Tuesday, April 21, 2015

NOLA Art & Gallery Love

When we arrived in New Orleans last week, it was 
the day before the French Quarter Fest

The festival brought in artists from all over the country, 
lining their work around Jackson Square and 
adjacent side streets.

This artist's work above, Epaul Julien, was among
my favorites. His photographs use a gold leaf/resin process.
I wish you could see the patina of the gold in the photos.
Simply exquisite.  The juxtaposition of the reclaimed
lumber frame against this rich texture was intriguing.

Next to him was an artist who did geographical maps on reclaimed lumber. Her process involves building a frame out of wood, painting and staining the planks, varying the planks by adding vintage fabric and then somehow adding the map to the top of the boards.  The map has a raised texture and 
I couldn't help but think this looked quite Anthropologie-ish.

I wish I could find her card.  
I probably threw it in a pocket . . . somewhere.

The piece below with the man and his kite,
actually moves.  It's as if you feel wind blowing.
 How someone could carve, paint, build
and then make it movable is well, beyond me.

I learned a new term, as it is known as 
a Mixed Media Automatron.  I fell deeply in love
with this artists work.  His name is Tom Haney, from Atlanta,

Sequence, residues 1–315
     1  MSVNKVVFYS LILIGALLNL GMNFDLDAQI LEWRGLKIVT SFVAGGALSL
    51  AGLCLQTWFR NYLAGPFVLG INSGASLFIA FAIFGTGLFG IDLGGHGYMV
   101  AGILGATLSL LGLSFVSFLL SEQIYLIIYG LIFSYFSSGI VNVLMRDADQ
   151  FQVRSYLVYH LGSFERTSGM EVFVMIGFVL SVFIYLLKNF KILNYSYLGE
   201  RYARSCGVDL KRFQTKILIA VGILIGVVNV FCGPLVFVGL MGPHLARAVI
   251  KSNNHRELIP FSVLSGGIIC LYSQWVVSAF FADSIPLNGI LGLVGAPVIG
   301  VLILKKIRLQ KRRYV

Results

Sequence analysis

and the gallery in NOLA where I saw this is Red Truck Gallery.

My boss, Susan Jackson, alerted me to the next artist's work.
Chris Roberts-Antieau has her own gallery, and I'm not
quite sure you can categorize her art or her by simply 
saying she is a fiber artist.  Much of her art does involve
using a needle - quilted, embroidered, etc., but the vibe
of the gallery and the humor in the work is 
something extraordinary.

Take this squirrel with the mustache.  Part of an
installation called "Phantom Limb Illustrated."
Hanging from the ceiling are various false legs
with wings on them.  Below the legs, is a wooden
landscape with all types of taxidermy animals
like Mr. Maximillan Squirrel (the name I gave him).

There is a lot going on in this gallery.
I went back about 5 times.  This artist has a prolific
body of work.  I even got to go back in the offices
and in a behind the curtain gallery.

Chris had subject matters that just kept making me laugh
out loud.  Like "James Brown's Legs" and a piece
thanking little people in film with depictions of
a flying monkey, R2D2, Yoda, E.T., etc.

I could have shot 1,000 pictures just in this space.
You can find Chris' work at Antieau Gallery, which is at 927 Royal Street.  Chris is a woman, by the way, and has reddish hair.
Look for her, as she is often there, and is one of
those artist who doesn't tell people about her work.
She's more interested in what you think about it.

No comments: